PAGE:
In May, we were making scheduling changes, and needed new elective classes, and they turned to me.

“Hey, you seem to know your way around a computer lab, wanna teach a computer programming class? Yes? Cool. Just write a curriculum for it, send it over, and you’ll be good to go.”

OH LOL you want me to write a curriculum for a computer science class. You know I studied art history, right? You know I have no education background? OK cool.

Like all good teachers, I immediately turned to Google. I searched “computer science curriculum.” I looked at the second site that popped up, did a quick read through, and hit print.

Now, here I am, six months later, teaching Exploring Computer Science to 41 of the most loving, irritating, dedicated students at my school. They’re the best/worst kids in the whole wide world. I go from wanting to strangle a kid to wanting to adopt him in a 15 minute time span.

I’ve been trying to teach them problem solving skills and binary and algorithms, and we’re doing the web design unit right now, but everyday I get the same question.

“WHEN DO WE GET THE ROBOTS??????”

“NOT UNTIL APRIL SIT DOWN AND DO YOUR WORK”

My kids don’t get a lot of opportunities, but I think you already knew that. I want them to be excited about school. I want them to be excited about computer science and maybe going to college for something STEM-y and maybe being an engineer and maybe ending up making more money than their corny math teacher.

So, we’re learning computer science (yes literally me and them), and we need these robotics kits to learn how to implement our programming skills and strengthen our analytical and problem solving skills. I could go on for days about how meaningful these kits would be for my students’ educations. This, right here, is where you come in.

Do I know what I’m doing? No. Is that stopping me? Nope.

(also, if you actually read all the way to here, thank you)

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Year Two

Clear Eyes, Full Heart

I’m not a sports person. When people say something like, “we’re gonna win this game tonight!” while referring to a team like the Gators, or Red Sox, or whatnot, and I tend roll my eyes, and offer a snarky comment at their use of “we.” “Really? I didn’t realize you played for the Lakers!”

I just don’t get it. I don’t like playing sports or watching sports, and I’m more dedicated to finishing season 5 of the West Wing than I’ll ever be to a sports team. I consider myself a Steelers fan, but I didn’t lose any sleep when they lost to the Jaguars.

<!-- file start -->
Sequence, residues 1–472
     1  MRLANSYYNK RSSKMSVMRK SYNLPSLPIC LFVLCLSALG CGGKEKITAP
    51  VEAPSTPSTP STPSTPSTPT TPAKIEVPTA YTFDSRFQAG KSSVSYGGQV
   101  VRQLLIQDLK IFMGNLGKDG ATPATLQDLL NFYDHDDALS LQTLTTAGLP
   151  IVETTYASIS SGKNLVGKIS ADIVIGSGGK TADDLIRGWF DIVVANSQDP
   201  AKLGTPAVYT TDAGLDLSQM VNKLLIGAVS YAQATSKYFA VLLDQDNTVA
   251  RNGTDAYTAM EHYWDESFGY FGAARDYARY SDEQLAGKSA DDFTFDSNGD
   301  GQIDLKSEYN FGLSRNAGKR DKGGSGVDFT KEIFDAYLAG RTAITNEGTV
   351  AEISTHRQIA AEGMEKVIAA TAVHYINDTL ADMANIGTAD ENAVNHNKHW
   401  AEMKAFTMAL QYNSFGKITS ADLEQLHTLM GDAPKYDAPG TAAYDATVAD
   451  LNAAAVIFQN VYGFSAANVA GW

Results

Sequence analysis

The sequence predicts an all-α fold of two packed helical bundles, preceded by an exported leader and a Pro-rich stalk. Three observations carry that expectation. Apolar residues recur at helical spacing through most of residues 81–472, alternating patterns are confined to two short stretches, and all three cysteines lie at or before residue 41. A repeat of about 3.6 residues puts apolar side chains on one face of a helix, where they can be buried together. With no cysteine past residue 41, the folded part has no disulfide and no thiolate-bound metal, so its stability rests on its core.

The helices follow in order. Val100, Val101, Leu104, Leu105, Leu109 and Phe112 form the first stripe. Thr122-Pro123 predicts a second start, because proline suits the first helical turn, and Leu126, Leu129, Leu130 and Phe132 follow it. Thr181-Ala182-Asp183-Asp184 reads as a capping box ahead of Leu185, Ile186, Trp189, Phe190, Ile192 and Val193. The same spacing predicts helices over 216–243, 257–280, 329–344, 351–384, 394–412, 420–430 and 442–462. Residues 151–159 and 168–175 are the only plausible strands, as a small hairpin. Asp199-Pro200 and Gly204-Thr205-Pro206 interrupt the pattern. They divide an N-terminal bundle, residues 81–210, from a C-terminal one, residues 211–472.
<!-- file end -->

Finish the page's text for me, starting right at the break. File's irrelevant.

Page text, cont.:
However, I have soft spot for my students, and they ask me to attend their sporting events, and I do. I even pay attention (ok I try), but really only because I worry about them getting tackled and dying on the field.

I can’t remember the last time I watched my students win a game – baseball, softball, football, volleyball, anything. I think we won some basketball games, but I’m not confident that that happened too often. It sucks, and they’re always disappointed, but I don’t get sports so I’m pretty indifferent about the whole thing.

Except, so, on Friday, something hit my heart. I’ve taught every player on the football team, except the quarterback, but we share deez nuts jokes so he’s got a piece of my heart anyways. We played “the only school in SC that’s sorrier than us.” If we were going to win a game this season, it was going to be this one.

It stayed scoreless through the half. The second half was plagued with interceptions, and halfway through, the other team scored. Then they scored again. From the stands I could see their frustration building. With about 5 minutes left in the game, one of my boys punched another player, and was ejected from the game. The clock eventually ran out, they shook hands, and I sat in the empty stands as I watched the boys huddle for a post-game pep talk.

I watched one of my kids rock back and forth as he sobbed. I watched them walk back to the locker rooms with arms around each other and their heads hung low. I watched my kid lie on the grass, the last on the field, while coaches consoled him as he broke down.

And something in my frozen heart cracked a little. I sobbed the whole way home. It had been a bad day in class, and maybe a bad couple weeks. I’ve hit more road blocks this year than I expected, and I’m super anxious about my kids applying to colleges. I am tired, and hungry, and my heart hurts.

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Year Two

Round Two

Year two is WEIRD. Let me tell you.

I expected year two to be smooth sailing. I’m teaching algebra 1 and 2, both of which I taught last year, as well as computer science. It’s new to me and the students, but I was and am excited to learn it together. I have 113 students, at least 2/3 of which I’ve taught before. I know the ropes. All of the unfamiliar from last year – what to bring for lunch, what to wear, who to ask for help, where the bathrooms are, which kids not to sit together – I have that down this time around.

I remember having no idea what I was doing the first four weeks of my first year. I remember being incredibly optimistic about their futures, and setting high expectations. It was about the fourth week that reality hit. I couldn’t do everything. I couldn’t complete 3 meaningful preps, and grade, and call parents, and manage behavior, and get enough sleep at night. I started hitting walls with my students. I would ask them to do something, and they’d tell me no. The high expectations I had set for myself and for my students started to feel impossible. Everything became a battle, internally and externally. Why am I putting all of this effort in for students who don’t want to learn? How do I get them to care?

This time, there was no honeymoon. Day 1 of school felt indistinguishable from any other day. We had been refreshed by the summer, but every activity felt like pulling teeth. I’ve had to build investment, build classroom procedures, build structure from the minute they first walked into my room. Last year, I feel like I had a few weeks to get my grounding, and to develop a plan that would fit my students. This year, I felt like I was struggling on day 2, while last year that feeling didn’t kick in until the end of September. Yes, this year I have a better idea of what to do, but that doesn’t mean I feel confident that it’s working.